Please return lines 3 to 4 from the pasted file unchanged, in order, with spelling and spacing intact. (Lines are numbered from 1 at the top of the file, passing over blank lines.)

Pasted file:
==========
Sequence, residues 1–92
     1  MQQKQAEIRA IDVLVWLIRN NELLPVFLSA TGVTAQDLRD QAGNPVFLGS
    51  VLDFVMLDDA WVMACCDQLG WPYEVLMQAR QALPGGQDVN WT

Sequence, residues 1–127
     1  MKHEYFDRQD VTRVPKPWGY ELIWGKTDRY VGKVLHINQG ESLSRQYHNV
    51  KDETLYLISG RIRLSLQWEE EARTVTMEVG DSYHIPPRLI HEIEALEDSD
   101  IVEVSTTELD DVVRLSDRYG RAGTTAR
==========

    51  VLDFVMLDDA WVMACCDQLG WPYEVLMQAR QALPGGQDVN WT

Sequence, residues 1–127